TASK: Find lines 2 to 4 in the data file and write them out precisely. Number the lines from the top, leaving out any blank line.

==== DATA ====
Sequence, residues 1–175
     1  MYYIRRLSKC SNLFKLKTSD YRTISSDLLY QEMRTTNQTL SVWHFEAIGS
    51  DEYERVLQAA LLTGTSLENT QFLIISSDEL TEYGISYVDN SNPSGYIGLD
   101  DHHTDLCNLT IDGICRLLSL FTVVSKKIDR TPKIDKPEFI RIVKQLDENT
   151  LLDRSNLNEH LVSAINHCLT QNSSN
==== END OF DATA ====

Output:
     1  MYYIRRLSKC SNLFKLKTSD YRTISSDLLY QEMRTTNQTL SVWHFEAIGS
    51  DEYERVLQAA LLTGTSLENT QFLIISSDEL TEYGISYVDN SNPSGYIGLD
   101  DHHTDLCNLT IDGICRLLSL FTVVSKKIDR TPKIDKPEFI RIVKQLDENT